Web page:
Being a short history of five weeks in the recent life of the Milwaukee Brewers ...
A month ago, the Brewers' board of directors recommended a 25-percent budget cut for 2004, which would drop the club's payroll to approximately $30 million. Team president Ulice Payne made the mistake of admitting that he had doubts about the franchise's ability to turn things around.
A few days later, it became clear that Payne, who was hired in September 2002, would soon be un-hired.
At the same time, the Brewers revealed that 1) the franchise's current owners had invested an additional $44 million over the last five or six years, and 2) the franchise owes $110 million to Citibank and spends $8 million on debt service (i.e. interest payments) alone.
What with the budgets cuts, the debt, and Payne's imminent ouster, a lot of people in Milwaukee -- including a goodly number of newspaper writers and politicians -- began calling for heads.
Wisconsin Assembly Speaker John Gard told the Milwaukee Journal Sentinel,
The taxpayers of this state have made a multimillion-dollar investment in this baseball team and taken the club's decisions on faith. This week's revelations of a 'fire sale' at the ballclub have shaken this faith, and it is time for us to actually be given a look at the books and review how the team is managing its finances.
Ex-Governor (and now Secretary of Health and Human Services) Tommy Thompson weighed in, too ...
The Brewers made it clear that if we build a modern, state-of-the-art stadium, it would provide them with the resources to field a winning baseball team. They promised to go out and get the star players that would allow them to compete for a World Series. The taxpayers stepped up, built the stadium and kept Wisconsin a major-league state. Yet the Brewers have not upgraded the quality of their team, and now they are apparently cutting their payroll further. The Brewers need to put an end to the games. They need to invest in a winning team.
Pretty strong stuff, and that was just the beginning. Arguing that the Brewers had reneged on their part of the deal, Wisconsin politicians called for an independent audit of the team's books.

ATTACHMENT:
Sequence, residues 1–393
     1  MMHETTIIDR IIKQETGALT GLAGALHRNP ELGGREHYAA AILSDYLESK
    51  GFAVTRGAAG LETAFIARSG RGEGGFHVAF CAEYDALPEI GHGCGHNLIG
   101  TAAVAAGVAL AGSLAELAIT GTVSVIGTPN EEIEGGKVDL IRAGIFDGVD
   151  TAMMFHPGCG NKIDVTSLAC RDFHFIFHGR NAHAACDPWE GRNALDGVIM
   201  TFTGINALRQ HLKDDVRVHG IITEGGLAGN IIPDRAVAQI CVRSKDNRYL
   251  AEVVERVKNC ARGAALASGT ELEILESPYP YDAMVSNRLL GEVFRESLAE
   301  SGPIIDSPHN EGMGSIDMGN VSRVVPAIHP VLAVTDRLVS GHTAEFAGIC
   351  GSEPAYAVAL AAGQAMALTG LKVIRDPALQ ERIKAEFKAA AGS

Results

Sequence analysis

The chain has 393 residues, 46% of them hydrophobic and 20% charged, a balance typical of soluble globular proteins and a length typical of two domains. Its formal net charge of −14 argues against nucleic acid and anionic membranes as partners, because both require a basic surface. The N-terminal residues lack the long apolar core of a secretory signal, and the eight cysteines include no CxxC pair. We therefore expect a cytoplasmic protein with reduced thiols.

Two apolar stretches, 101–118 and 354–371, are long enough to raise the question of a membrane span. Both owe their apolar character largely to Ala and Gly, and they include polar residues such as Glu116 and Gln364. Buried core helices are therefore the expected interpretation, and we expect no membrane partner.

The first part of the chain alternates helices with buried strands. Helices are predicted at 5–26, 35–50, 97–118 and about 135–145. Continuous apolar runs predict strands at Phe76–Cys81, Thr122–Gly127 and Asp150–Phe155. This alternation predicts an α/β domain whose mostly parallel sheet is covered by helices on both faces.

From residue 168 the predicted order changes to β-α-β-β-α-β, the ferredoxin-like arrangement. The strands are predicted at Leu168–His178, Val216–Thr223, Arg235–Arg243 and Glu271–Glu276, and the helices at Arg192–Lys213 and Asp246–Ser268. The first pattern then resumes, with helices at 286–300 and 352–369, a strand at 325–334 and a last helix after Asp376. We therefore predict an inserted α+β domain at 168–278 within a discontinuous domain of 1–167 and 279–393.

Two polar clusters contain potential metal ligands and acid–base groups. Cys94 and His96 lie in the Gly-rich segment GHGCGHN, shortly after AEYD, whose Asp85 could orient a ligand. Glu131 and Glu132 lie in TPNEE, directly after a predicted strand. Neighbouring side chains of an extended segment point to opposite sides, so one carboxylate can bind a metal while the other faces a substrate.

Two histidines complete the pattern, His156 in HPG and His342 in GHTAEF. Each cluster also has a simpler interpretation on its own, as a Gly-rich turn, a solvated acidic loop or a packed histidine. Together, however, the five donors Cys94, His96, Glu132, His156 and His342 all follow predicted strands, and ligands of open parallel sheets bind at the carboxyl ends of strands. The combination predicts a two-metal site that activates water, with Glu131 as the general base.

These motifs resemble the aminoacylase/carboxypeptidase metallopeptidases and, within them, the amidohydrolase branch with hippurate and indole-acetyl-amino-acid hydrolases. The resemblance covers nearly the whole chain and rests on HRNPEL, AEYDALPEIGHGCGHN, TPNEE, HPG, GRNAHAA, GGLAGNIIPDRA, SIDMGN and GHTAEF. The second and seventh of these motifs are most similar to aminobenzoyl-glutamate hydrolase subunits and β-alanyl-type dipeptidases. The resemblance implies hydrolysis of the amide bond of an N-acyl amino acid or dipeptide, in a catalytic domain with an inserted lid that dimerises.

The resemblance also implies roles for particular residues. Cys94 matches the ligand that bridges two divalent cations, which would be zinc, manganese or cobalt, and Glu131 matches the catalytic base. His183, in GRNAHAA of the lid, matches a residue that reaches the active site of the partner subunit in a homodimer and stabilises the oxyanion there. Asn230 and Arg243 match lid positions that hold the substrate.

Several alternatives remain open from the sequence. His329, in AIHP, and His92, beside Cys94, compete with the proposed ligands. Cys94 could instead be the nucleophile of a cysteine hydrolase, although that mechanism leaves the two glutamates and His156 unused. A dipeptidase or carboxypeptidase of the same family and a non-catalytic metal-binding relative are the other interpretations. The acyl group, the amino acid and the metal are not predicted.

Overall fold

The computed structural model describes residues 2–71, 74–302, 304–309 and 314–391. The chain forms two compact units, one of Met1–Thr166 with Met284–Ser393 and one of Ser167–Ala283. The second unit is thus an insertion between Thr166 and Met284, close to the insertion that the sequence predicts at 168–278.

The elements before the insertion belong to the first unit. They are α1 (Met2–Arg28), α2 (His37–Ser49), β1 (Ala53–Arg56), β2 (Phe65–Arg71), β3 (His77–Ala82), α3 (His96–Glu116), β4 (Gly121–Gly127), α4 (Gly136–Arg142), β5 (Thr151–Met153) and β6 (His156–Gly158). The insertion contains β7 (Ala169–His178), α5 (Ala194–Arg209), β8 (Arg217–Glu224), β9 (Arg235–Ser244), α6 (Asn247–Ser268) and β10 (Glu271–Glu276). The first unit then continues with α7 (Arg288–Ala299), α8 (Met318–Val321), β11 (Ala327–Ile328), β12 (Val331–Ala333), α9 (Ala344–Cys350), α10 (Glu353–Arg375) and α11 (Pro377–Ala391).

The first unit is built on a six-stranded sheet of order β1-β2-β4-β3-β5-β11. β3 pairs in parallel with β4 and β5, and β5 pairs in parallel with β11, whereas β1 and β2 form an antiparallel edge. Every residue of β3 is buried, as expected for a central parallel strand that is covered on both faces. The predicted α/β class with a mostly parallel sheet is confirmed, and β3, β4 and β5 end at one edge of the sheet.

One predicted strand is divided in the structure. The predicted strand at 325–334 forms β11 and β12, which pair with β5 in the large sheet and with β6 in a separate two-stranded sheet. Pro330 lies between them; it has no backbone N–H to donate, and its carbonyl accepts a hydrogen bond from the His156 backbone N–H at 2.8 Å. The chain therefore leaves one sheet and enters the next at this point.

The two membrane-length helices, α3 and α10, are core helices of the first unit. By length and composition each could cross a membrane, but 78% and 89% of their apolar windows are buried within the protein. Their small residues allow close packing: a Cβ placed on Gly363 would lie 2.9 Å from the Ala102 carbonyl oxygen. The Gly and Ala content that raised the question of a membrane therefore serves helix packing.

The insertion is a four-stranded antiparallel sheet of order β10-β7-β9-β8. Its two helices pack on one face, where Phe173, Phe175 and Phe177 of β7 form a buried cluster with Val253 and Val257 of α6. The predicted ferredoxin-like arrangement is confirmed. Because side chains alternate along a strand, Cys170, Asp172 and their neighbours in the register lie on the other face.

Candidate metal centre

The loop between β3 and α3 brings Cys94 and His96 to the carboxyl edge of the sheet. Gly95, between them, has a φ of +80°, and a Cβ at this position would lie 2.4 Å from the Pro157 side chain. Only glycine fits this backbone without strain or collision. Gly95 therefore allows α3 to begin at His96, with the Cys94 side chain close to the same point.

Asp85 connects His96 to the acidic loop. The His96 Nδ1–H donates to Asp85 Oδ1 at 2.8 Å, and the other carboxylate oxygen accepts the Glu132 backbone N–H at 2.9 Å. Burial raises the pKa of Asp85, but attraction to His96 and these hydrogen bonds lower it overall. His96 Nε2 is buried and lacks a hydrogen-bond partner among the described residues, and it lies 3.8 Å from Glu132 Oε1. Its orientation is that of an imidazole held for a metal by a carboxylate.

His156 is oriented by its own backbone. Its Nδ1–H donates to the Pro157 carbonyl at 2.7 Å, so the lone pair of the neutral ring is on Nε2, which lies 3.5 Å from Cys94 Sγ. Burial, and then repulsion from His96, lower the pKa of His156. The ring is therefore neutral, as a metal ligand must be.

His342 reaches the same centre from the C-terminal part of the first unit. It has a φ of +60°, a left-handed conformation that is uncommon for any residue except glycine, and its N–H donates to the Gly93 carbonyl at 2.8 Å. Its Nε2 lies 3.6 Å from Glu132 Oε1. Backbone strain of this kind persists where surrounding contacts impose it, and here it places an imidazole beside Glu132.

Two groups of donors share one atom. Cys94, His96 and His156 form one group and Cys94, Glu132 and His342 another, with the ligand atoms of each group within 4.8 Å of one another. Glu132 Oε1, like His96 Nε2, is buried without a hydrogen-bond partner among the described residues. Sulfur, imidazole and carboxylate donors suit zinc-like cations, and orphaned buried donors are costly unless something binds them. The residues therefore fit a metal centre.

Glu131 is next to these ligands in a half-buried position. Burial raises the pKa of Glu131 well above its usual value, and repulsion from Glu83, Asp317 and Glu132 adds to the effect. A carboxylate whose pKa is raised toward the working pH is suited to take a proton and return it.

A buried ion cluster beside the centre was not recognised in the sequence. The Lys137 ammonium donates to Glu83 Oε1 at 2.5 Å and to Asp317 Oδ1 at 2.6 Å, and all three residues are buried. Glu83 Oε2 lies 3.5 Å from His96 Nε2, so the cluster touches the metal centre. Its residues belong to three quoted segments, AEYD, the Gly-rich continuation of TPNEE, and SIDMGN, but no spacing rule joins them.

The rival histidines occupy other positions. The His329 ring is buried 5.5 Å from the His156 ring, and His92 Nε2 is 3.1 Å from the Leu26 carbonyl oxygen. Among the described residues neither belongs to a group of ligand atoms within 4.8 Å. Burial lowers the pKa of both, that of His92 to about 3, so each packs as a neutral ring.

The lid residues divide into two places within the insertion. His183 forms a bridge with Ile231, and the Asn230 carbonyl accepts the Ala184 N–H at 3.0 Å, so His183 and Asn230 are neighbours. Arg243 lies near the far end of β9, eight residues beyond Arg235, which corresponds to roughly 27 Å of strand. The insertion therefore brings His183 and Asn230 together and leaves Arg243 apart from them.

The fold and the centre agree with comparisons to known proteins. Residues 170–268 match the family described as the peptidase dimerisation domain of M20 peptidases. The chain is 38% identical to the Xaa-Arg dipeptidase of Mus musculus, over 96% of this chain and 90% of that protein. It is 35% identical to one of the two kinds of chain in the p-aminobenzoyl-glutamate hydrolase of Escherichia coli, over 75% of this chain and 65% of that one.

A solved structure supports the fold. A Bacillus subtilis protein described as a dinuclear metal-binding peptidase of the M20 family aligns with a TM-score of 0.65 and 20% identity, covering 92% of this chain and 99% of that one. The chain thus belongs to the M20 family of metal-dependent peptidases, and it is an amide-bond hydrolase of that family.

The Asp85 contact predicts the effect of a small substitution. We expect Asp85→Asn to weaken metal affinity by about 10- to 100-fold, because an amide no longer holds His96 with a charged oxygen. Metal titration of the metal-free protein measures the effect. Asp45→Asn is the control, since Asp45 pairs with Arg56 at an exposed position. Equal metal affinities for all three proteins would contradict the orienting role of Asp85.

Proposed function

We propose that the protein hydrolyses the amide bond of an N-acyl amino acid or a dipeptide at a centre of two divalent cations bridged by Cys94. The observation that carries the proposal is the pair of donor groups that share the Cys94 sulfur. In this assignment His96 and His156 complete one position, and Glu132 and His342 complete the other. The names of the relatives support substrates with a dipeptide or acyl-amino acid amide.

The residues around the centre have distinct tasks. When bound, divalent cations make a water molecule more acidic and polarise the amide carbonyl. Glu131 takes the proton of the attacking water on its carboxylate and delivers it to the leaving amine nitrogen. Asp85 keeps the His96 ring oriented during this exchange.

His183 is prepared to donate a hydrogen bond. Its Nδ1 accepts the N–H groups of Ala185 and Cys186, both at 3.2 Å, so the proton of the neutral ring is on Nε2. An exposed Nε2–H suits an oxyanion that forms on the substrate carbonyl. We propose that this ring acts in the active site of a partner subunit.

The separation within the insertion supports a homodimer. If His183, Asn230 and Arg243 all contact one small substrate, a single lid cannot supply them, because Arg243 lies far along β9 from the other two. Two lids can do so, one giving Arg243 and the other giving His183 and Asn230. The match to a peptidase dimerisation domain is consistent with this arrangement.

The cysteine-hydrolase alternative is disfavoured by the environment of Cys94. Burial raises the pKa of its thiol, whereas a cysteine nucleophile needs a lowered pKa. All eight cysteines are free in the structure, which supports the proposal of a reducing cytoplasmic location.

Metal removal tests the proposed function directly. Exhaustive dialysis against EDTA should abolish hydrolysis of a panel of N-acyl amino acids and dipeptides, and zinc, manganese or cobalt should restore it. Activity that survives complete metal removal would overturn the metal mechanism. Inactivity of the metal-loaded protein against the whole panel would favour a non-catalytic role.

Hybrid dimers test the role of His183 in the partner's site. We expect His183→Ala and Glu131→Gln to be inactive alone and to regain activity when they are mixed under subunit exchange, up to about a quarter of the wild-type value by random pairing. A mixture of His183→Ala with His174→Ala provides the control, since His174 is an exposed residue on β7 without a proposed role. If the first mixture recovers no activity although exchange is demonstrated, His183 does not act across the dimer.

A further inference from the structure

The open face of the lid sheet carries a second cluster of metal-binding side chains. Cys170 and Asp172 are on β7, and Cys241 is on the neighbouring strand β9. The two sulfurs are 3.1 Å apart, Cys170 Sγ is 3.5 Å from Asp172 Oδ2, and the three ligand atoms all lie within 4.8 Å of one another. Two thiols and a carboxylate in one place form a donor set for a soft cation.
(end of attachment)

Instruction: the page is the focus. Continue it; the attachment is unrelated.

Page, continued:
Payne and a number of other top Brewers executives are fired (but don't feel sorry for Payne, who reportedly received between $2.4 million and $2.7 million in a buyout package).
The Journal Sentinel has obtained various reports of the Brewers' finances, and it's not a pretty picture. Even though the Brewers are reaping huge amounts of money from revenue sharing ($15 million last season alone), they're deeply in debt.
Just this week, the Brewers agreed to open their financial books. Of course, one might wonder if a bunch of millionaires (the Seligs and their friends) sharing their books with another bunch of millionaires ("three prominent Milwaukee business executives") will necessarily lead to fact-finding (or, more to the point, fact-sharing). But as Doug Pappas notes, we're not going to find out much we don't already know. The Brewers are in trouble, and they've been in trouble for a long time.
When the good people of Milwaukee signed up for Bud's Big Ballpark, they should have expected one thing, and one thing only: that Major League Baseball would remain in their city for at least a few more years. Yes, it was duplicitous for the Brewers to suggest that publicly-financed ballpark would allow them to compete financially with the Astros and the Cubs and the Cardinals, because ownership must have known that just wasn't going to happen. But it was also self-delusional for the fans, writers, and politicians to believe the Brewers.